Buffalo Wild Wings is a great business, but investors should
keep three key risks in mind. Credit: Buffalo Wild Wings
Earlier this week, I offered three reasons
Buffalo Wild Wings
could potentially rise
going forward. After all, the popular beer, wings, and
sports-centric restaurant chain is implementing plans for
ambitious global expansion, looking forward to its biggest driver
in American football season, and keeps diners happy with
continuous, clever tweaks to its menu.
At the same time, however, investors shouldn't ignore
potential risks to Buffalo Wild Wings' business going forward.
So, in the interest of looking at both sides of the table, here
are three reasons Buffalo Wild Wings stock could fall.
Costs are expected to rise
Even if Buffalo Wild Wings continues to grow sales quickly,
increasing operating costs could eat into its bottom line.
First, Buffalo Wild Wings warned during the subsequent
conference call of a coming rise in hourly wages, thanks to
both impending minimum-wage increases in California and
Minnesota, and the expected addition of "Guest Experience
Captains" at nearly 80 additional company-owned locations in
Perhaps most notable, however, is B-Dubs' cost of chicken
wings, which were were roughly $78 million last quarter alone, or
21.3% as a percentage of the cost of overall sales. Buffalo Wild
Wings expects chicken wing prices for the first two months of Q3
to be around $1.46 per pound, which looks relatively mild
compared with the $1.71 per pound they paid around this time last
year. For perspective, in 2012 Buffalo Wild Wings paid an average
price for chicken wings of roughly $1.90 per pound.
To its credit, a combination of those previous high prices and
an industry shift toward larger-sized birds spurred the
implementation of Buffalo Wild Wings'
new volume-based pricing last summer
-- think, for example, of its change to snack-, small-, medium-,
and large-sized portions, rather than selling specific numbers of
wings. This, in turn, helps Buffalo Wild Wings adjust the number
of wings people receive to better coincide with their actual
cost. But even then, the strategy doesn't provide
flexibility, so any truly significant upticks in wing costs going
forward could negatively affect profitability.
Diners are seeking faster, healthier options
Finally, beer and wings might be delicious, but they aren't
exactly health food. And the recent
shift in consumers' preferences
toward healthier, faster options could be bad news for Buffalo
Chipotle has grown quickly by offering healthy food through
a fast-casual approach, Credit: Chipotle Mexican Grill.
Consider a prime example in the remarkable rise of
Chipotle Mexican Grill
, which grew revenue 28.6% year over year to $1.05 billion in its
most recent quarter, helped by incredible comparable restaurant
sales growth of 17.3%. And in keeping with its "Food With
Integrity" slogan, Chipotle has won huge points with hungry fans
by maintaining its steadfast "commitment to finding the very best
ingredients raised with respect for the animals, the environment,
and the farmers."
What's more, Chipotle also enjoys its status as a
"fast-casual" restaurant chain, which strikes an intriguing
balance between high-quality food and the speed at which
customers receive it. Buffalo Wild Wings, by contrast, relies on
its sports-centric atmosphere as a differentiator to keep diners
staying longer, and then later coming back for more.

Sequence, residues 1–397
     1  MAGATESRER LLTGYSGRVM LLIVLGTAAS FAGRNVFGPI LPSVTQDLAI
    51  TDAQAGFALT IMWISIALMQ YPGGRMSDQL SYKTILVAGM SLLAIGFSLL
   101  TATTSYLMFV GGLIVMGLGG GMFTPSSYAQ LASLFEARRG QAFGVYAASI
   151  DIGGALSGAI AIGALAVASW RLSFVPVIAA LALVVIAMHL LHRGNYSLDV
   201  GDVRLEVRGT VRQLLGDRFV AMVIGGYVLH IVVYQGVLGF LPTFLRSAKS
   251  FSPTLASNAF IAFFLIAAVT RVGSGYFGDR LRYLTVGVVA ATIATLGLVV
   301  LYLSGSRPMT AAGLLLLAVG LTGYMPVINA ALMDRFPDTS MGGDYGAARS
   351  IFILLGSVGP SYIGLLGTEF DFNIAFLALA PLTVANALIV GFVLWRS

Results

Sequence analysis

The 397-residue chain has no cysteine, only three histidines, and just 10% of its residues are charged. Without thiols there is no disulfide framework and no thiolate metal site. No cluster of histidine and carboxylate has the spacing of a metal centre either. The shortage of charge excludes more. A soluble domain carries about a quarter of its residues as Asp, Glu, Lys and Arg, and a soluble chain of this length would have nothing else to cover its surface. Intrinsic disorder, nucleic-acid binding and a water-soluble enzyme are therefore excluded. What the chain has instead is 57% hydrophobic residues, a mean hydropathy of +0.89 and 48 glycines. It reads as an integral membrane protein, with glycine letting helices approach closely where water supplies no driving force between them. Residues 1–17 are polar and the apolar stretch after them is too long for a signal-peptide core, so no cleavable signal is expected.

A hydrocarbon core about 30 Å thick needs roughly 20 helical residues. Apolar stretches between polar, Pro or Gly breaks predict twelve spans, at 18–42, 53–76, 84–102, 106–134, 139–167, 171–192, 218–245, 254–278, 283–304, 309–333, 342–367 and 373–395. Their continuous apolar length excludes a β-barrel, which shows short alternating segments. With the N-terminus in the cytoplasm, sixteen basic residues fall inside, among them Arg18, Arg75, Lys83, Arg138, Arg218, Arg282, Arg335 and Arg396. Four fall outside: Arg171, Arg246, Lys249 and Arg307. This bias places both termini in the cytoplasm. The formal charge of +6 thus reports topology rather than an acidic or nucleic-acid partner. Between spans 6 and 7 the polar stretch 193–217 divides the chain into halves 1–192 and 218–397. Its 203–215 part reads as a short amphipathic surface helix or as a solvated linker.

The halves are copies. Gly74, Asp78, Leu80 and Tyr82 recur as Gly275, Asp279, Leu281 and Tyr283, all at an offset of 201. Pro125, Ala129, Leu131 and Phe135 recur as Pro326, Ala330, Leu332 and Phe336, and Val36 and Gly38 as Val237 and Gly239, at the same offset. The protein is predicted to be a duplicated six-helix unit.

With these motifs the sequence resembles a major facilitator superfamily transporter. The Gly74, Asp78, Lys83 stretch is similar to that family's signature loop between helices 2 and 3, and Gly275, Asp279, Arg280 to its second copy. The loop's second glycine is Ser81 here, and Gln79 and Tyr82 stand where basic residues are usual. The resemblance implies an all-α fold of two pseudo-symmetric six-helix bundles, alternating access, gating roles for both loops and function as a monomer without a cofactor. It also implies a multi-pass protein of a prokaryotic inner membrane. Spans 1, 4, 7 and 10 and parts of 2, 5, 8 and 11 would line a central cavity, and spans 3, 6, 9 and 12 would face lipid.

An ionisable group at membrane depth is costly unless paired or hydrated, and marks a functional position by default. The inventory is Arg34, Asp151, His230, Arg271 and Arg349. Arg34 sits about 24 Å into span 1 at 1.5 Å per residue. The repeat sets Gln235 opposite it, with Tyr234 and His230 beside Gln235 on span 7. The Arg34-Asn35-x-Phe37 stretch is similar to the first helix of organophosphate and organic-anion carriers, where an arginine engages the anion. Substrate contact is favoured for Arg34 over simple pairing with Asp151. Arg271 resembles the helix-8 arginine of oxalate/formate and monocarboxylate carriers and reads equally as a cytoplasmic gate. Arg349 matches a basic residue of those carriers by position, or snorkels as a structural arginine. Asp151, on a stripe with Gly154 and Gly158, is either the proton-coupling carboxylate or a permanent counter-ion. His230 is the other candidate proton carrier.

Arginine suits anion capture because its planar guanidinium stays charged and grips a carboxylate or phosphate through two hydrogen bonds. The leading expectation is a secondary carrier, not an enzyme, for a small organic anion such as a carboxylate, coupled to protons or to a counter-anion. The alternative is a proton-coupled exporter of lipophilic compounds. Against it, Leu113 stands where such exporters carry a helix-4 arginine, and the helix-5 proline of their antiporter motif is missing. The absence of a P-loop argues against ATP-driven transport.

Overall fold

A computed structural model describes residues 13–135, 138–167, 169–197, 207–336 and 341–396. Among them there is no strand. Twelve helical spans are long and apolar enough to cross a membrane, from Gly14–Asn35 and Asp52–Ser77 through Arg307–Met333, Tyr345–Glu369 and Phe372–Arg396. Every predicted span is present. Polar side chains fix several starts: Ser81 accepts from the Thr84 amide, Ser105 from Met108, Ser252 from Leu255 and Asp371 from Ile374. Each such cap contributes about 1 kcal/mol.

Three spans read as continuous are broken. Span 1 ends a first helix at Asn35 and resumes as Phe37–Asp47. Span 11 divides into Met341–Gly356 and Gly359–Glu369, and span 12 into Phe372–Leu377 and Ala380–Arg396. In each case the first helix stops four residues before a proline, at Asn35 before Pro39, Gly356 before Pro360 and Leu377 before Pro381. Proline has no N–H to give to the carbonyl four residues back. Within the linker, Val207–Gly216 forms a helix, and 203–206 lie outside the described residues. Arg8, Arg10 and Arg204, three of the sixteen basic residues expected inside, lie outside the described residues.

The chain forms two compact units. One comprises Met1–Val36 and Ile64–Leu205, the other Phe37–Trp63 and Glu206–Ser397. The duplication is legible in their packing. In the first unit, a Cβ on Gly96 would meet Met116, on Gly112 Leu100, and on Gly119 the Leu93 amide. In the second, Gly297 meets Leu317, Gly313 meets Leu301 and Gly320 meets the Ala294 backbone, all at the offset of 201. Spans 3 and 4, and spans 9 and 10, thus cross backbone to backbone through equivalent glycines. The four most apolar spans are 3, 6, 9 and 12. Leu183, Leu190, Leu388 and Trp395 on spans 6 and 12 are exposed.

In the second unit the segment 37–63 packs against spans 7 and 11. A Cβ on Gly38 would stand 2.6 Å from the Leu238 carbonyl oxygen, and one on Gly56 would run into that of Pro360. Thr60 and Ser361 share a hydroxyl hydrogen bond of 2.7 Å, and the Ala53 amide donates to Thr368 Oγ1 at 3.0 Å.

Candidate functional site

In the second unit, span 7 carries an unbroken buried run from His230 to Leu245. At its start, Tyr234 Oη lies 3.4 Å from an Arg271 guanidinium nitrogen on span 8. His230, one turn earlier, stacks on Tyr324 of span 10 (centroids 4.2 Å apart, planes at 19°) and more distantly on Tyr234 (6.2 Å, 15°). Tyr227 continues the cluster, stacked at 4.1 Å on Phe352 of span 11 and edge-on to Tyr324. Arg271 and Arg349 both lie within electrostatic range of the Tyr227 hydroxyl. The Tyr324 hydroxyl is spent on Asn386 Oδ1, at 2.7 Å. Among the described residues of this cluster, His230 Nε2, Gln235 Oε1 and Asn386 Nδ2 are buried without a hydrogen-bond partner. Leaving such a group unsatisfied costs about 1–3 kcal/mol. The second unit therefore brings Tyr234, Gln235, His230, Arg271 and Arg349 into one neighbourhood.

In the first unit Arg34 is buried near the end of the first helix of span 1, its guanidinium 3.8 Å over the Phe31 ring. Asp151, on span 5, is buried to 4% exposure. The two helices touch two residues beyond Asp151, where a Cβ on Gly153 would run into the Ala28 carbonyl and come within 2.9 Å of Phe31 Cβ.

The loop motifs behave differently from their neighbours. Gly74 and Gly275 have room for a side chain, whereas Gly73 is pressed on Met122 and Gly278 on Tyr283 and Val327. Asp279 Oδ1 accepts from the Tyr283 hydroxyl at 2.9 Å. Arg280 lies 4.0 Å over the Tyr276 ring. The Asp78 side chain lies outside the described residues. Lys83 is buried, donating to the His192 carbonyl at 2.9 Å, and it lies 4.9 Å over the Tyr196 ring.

But that's also part of the reason Buffalo Wild Wings recently
invested in PizzaRev, a fast-casual pizza chain that operates in
Chipotle-esque fashion by cooking artisan pies in under three
minutes. But PizzaRev certainly has some catching up to do: As it
stands, it has only 12 locations listed on its website, including
Buffalo Wild Wings' first company-owned PizzaRev, which opened in
Minnesota in May.
Buffalo Wild Wings is looking to capitalize on fast-casual
fare through PizzaRev, Credit: PizzaRev.com.
It's getting harder to grow
that Buffalo Wild Wings has laid out plans for significant
growth, investors should keep in mind that growth needs to happen
in a methodical, thoughtful manner. This is especially important
when identifying increasingly sparse prime locations to prevent
cannibalization and sales transfer in established markets like
the United States.
In fact, the "Risk factors" section of Buffalo Wild Wings'
most recent annual report admits:
We and our franchisees intend to open new restaurants in our
existing markets, which may reduce sales performance and guest
visits for existing restaurants in those markets. In addition,
new restaurants added in existing markets may not achieve sales
and operating performance at the same level as established
restaurants in the market.
What's more, it remains to be seen exactly how diners in
various international markets will respond to Buffalo Wild Wings
as it begins expanding outside the U.S. and Canada. To be sure,
that B-Dubs' food should lend itself well to the sweet, spicy,
and saltier tastes of basketball- and soccer-loving diners in the
Philippines. But investors should keep a close eye on when and
where Buffalo Wild Wings next decides to make a push overseas,
where it estimates it should have 400 locations over the next 10
This doesn't mean I'll be selling my own shares of Buffalo Wild
Wings in the near future. To the contrary, I'm still optimistic
that Buffalo Wild Wings' catalysts should propel its stock upward
over the long term. But Buffalo Wild Wings also faces challenges
in managing operating costs, the growing influence of its healthy
fast-casual competitors, and pursuing increasingly difficult
long-term growth. At this point, investors can take solace
knowing Buffalo Wild Wings is working to mitigate these
challenges, but investors should also keep a close eye on them
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3 Reasons Buffalo Wild Wings Stock Could Fall
originally appeared on Fool.com.
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